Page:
If he says seventh, then I will not join him but will ask him to put me as the second. Because I know that being seventh will not get me elected. Now when I want to change the number on the list, influence comes in. Tribal, financial, and status influence comes in. I know people who change parties because they want to get higher up on the list.
There are parties that have rules and regulations to cope with this but there is something wrong with it. It is not all roses. Many people are unaware of this. That doesn’t mean that the list is not good at all, it just has its flaws. You need a developed political party system to make it work, something that we lack at the moment. I wish that somebody would discuss it with facts with us and tell us the differences and why this system will work in Libya at this stage.
I was in a seminar where somebody stood up and said that this (draft law) is the “mother of all sins haadashoumokullo” it is not the way; you have to have a reason and then speak in the proper way. There are arguable topics in the draft but you can’t convince all the people.
TP: Exactly, like the issue of dual citizenship. What is your opinion on that?
Mr. Ameen: Some people think that it is not a problem, they are Libyans and it is a transitional phase so they should be able to run for office. Other people don’t agree and say everyone in congress should have one nationality. This is a problem where people don’t agree with others’ viewpoints. Even in the NTC, we don’t all agree on the same point. We just go with the majority.
TP: What was the situation when you were preparing this article of the law?
Mr. Ameen: We didn’t prepare the law. We made two committees, one in Benghazi and one in Tripoli who drafted the law. In the NTC we only discussed this issue while creating the interim government and agreed to allow the dual-citizens for the transitional period. Dr. Keeb, the interim PM, has two nationalities; many people on the NTC and government have two nationalities. I am one of them. We agreed to let them run and then the elected government can take a decision on it. At least until we get the Libyan constitution. But of course, this law is not drafted by the NTC but the independent committees.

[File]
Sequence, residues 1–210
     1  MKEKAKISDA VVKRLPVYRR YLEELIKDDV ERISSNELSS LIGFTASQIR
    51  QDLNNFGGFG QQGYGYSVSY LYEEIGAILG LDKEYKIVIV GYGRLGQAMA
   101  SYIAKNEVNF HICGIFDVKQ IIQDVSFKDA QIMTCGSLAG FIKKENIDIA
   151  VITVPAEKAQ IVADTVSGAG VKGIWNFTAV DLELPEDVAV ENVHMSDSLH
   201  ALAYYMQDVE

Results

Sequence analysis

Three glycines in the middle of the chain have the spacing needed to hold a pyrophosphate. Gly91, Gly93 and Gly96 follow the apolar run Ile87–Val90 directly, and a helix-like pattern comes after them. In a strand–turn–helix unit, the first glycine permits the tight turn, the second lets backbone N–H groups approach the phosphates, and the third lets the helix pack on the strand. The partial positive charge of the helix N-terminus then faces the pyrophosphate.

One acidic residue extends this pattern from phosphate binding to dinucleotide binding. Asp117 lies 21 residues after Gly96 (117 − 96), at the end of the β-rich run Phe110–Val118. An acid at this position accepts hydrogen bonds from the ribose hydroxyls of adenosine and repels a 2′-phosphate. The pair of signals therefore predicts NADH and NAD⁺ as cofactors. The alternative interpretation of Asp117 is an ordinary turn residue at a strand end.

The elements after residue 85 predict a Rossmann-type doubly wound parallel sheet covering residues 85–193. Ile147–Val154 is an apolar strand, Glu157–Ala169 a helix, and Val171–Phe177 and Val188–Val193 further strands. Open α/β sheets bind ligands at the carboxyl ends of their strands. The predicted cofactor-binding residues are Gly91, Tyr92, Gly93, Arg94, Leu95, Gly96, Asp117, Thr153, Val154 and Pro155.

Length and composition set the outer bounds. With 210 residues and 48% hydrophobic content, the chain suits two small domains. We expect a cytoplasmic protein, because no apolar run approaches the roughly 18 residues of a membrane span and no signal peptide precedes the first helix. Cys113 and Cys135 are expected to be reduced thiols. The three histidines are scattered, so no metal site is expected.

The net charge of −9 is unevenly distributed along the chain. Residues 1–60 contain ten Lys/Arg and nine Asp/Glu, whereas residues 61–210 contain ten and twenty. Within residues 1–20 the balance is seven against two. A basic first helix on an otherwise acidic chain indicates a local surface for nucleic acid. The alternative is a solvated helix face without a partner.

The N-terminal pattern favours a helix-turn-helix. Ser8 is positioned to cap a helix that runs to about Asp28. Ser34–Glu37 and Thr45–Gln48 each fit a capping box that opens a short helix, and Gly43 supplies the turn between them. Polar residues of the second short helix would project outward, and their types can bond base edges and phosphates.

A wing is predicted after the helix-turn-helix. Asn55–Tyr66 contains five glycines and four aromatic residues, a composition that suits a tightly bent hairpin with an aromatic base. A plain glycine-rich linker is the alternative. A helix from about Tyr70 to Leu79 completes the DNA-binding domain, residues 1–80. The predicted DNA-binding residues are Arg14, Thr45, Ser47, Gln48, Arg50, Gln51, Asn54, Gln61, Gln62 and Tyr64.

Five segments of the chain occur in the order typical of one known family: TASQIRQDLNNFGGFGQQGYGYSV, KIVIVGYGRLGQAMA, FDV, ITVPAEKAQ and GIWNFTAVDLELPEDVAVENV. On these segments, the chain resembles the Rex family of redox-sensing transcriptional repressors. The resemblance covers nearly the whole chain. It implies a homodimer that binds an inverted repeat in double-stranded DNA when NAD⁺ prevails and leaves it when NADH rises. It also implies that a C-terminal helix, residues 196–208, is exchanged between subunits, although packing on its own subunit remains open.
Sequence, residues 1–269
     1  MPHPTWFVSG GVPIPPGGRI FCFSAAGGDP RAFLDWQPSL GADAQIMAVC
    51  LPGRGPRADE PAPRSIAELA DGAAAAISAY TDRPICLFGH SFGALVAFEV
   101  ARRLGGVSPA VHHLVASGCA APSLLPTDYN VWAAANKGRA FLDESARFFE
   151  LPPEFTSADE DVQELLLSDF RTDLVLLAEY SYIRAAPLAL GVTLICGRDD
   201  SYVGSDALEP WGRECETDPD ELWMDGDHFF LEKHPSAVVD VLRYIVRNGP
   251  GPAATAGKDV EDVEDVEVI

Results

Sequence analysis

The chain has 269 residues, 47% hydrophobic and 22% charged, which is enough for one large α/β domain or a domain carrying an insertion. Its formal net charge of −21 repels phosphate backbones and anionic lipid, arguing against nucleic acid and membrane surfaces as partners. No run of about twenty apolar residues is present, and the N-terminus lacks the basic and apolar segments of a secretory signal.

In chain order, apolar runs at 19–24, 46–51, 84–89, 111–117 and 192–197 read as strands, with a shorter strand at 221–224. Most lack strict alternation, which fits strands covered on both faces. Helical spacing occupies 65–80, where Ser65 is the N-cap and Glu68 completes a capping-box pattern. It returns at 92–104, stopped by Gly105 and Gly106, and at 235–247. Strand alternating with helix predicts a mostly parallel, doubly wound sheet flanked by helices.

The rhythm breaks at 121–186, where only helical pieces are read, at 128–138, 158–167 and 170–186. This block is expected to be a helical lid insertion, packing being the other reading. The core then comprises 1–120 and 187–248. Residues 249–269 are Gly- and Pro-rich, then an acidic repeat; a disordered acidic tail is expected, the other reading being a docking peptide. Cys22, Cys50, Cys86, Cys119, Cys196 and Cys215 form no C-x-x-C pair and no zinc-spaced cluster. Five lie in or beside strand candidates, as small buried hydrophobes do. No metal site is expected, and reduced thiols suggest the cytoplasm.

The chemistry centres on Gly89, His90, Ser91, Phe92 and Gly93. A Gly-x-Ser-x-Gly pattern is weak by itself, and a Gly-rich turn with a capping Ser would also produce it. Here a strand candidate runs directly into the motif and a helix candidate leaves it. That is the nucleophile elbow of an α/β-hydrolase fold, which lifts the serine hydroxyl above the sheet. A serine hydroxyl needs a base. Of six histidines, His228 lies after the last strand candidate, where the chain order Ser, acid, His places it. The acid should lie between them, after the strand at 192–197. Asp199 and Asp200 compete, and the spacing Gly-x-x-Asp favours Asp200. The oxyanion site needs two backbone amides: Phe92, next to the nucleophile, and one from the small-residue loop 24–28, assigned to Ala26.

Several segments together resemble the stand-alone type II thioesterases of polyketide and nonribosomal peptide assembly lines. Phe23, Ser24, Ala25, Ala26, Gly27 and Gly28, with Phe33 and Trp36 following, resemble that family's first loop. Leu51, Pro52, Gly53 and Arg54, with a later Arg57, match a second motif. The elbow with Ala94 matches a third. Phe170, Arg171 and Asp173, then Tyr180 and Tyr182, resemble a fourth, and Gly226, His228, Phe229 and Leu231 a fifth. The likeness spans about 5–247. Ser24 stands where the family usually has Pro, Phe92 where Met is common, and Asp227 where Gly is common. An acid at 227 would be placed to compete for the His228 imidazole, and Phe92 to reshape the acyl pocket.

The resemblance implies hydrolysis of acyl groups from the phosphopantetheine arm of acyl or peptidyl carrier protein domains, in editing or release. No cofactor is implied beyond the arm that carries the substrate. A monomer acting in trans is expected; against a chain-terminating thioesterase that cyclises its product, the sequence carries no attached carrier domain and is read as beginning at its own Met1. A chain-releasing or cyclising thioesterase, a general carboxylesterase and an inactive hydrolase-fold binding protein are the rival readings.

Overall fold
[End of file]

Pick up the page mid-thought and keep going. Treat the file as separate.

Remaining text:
TP: You had no say in the draft? Who are the members of these two committees?
Mr. Ameen: Absolutely! I just saw the draft like any other Libyan. But just to be clear, one of our members (head of Committee, is Mr. Usman, a lawyer) just participated in the last few meetings when they wanted to merge both drafts for the final publication to the public. No other member ever participated in any meetings on drafting the law other than that.
The committee is based on lawyers, judges, youth, women and human rights activists. We asked for names from the relevant authorities and we asked for four-five more names than actually required to debate on the names and agree on the best candidates. Just to make it more transparent.
TP: Why is this not clear to the public?
Mr. Ameen: I said it many times. I tried to explain it on national television, on seminars, that we have not drafted this law but the two committees, one in Benghazi and one in Tripoli have. They were made up of specialists on law, politicians and other members of the civil society. It has been said many many times but I can say that nobody wants to hear it.
TP: Just to be clear, NTC allowed the dual citizens for the transitional phase but the two committees formed of lawyers, judges, youth, politicians, women agreed otherwise.
Mr. Ameen: Yes!
TP: Then what is your opinion on this?